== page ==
Reproduced from Descartes Labs; Chart: Axios Visuals

A new analysis from the data science company Descartes Labs helps provide a window onto how the global coronavirus pandemic is forcing dramatic changes to daily life and energy use.

Why it matters: From an oil standpoint, the huge cutbacks in travel and economic activity have caused global oil demand to crater by millions of barrels per day.

What they did: Analysts used a tracking tool that collected data from mobile devices reporting throughout the day, calculating the maximum distance moved from the first reported location.

  • Check out the chart above, which reflects a mobility metric for each country based on the median distance across all devices in their sample.

What they found: The data for the U.S. shows how the steep drop in mobility didn't begin until around March 14, "corresponding roughly with the start of widespread school closings and social distancing."

The big picture: It's part of a wider analysis published this week of changes in travel, pollution, supply chains and more.

  • In a separate part of the tracking initiative, they looked at changes in device counts at different airports for March 9–13, relative to Feb. 10–14.
  • "Airports on the West Coast, and California in particular, showed decreases of 50% or more. The decrease in device counts at most other airports ranged from 20% or 40%," they note.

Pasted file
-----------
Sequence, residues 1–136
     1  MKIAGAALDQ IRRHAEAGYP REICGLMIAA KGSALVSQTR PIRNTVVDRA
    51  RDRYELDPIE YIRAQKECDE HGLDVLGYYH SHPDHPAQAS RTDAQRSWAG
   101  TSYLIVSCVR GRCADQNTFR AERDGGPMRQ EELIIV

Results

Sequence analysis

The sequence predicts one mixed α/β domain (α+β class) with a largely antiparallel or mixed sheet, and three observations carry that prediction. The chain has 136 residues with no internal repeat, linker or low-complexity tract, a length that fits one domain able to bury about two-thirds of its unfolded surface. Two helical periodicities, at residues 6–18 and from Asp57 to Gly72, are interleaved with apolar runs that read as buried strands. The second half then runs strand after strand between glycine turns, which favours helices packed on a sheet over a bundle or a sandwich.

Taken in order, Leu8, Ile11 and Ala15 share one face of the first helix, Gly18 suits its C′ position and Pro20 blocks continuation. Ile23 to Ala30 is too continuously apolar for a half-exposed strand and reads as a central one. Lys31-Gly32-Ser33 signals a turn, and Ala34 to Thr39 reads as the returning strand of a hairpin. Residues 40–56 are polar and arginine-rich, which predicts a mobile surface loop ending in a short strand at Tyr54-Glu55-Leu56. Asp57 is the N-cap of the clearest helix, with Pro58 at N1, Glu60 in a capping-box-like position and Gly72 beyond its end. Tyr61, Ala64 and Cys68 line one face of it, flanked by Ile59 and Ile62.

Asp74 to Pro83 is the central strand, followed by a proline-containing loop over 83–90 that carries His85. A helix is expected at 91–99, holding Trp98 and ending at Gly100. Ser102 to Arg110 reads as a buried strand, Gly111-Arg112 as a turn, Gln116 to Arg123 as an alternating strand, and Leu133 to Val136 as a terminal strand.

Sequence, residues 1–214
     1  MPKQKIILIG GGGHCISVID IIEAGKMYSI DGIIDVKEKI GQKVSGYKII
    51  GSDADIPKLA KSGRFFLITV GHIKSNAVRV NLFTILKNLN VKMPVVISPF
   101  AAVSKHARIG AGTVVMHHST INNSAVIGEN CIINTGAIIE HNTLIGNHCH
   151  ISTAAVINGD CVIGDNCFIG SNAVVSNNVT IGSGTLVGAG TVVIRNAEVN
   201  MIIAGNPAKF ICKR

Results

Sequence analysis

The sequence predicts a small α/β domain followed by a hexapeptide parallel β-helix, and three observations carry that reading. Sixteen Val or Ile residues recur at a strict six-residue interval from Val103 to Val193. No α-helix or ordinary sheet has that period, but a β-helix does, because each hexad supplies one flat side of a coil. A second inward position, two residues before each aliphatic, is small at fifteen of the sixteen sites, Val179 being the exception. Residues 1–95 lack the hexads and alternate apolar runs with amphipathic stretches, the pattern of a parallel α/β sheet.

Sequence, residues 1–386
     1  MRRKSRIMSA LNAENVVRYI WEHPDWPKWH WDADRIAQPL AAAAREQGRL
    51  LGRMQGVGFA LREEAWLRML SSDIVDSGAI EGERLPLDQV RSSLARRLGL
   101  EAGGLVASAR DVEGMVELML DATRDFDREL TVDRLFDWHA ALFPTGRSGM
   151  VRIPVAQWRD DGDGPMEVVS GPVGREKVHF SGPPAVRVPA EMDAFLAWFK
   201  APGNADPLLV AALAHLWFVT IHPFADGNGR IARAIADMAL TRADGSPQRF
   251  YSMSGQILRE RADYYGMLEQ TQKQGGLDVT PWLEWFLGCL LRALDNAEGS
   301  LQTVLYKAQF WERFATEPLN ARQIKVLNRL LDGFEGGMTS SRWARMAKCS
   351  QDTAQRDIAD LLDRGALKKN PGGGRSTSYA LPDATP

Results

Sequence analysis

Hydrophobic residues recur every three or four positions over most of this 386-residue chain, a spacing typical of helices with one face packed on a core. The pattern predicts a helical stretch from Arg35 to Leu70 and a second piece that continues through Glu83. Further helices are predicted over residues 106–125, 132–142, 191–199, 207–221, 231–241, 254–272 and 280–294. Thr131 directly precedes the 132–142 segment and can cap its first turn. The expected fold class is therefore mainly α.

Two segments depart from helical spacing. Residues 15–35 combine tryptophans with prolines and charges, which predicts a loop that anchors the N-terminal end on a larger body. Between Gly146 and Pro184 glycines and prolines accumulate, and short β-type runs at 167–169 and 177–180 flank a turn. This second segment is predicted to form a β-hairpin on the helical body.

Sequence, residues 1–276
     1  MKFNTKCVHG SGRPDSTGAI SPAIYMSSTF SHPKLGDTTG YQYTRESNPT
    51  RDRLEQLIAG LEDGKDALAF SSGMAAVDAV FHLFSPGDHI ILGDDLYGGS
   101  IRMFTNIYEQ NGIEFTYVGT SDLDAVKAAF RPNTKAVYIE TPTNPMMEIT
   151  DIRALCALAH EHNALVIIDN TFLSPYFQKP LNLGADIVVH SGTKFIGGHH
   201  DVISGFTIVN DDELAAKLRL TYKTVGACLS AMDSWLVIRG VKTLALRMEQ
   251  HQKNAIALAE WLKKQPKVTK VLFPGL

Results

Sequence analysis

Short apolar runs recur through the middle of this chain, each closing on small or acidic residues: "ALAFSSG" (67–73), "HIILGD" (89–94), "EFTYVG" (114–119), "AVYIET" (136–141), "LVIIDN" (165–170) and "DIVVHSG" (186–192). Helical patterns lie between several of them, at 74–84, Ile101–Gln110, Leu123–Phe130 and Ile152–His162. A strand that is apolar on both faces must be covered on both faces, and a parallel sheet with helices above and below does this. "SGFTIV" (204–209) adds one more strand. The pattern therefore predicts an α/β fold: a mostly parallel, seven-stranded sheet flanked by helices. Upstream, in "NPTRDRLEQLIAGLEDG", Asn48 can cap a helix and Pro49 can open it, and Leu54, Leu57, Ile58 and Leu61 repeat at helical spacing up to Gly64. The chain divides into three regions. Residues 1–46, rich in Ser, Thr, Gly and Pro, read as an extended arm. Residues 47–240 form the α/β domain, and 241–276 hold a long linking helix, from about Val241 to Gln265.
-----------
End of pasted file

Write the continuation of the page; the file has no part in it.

Go deeper: 10 ways coronavirus is changing climate change and energy

Go deeper

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Senate Majority Leader Mitch McConnel and President Trump arrives at the U.S. Capitol in March. Photo: Samuel Corum/Getty Images

President Trump signed a bill to extend current levels of government funding after funding expired briefly, White House spokesperson Judd Deere confirmed early Thursday.

Why it matters: The move averts a government shutdown before the Nov. 3 election. The Senate on Wednesday passed the legislation to fund the federal government through Dec. 11, by a vote of 84-10.

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In photos: Deadly wildfires devastate California's wine country

The Shady Fire ravages a home as it approaches Santa Rosa in Napa County, California, on Sept. 28. The blaze is part of the massive Glass Fire Complex, which has razed over 51,620 acres at 2% containment. Photo: Samuel Corum/Agence France-Presse/AFP via Getty Images

More than 1700 firefighters are battling 26 major blazes across California, including in the heart of the wine country, where one mega-blaze claimed the lives of three people and forced thousands of others to evacuate this week.

The big picture: More than 8,100 wildfires have burned across a record 39 million-plus acres, killing 29 people and razing almost 7,900 structures in California this year, per Cal Fire. Just like the deadly blazes of 2017, the wine country has become a wildfires epicenter. Gov. Gavin Newsom has declared a state of emergency in Napa, Sonoma, and Shasta counties.

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Coronavirus dashboard

Illustration: Sarah Grillo/Axios

  1. Global: Total confirmed cases as of 12:30 a.m. ET: 33,880,896 — Total deaths: 1,012,964 — Total recoveries: 23,551,663Map.
  2. U.S.: Total confirmed cases as of 12:30 a.m. ET: 7,232,823 — Total deaths: 206,887 — Total recoveries: 2,840,688 — Total tests: 103,939,667Map.
  3. Education: School-aged children now make up 10% of all U.S COVID-19 cases.
  4. Health: Moderna says its coronavirus vaccine won't be ready until 2021
  5. Travel: CDC: 3,689 COVID-19 or coronavirus-like cases found on cruise ships in U.S. waters — Airlines begin mass layoffs while clinging to hope for federal aid
  6. Business: Real-time data show economy's rebound slowing but still going.
  7. Sports: Steelers-Titans NFL game delayed after coronavirus outbreak.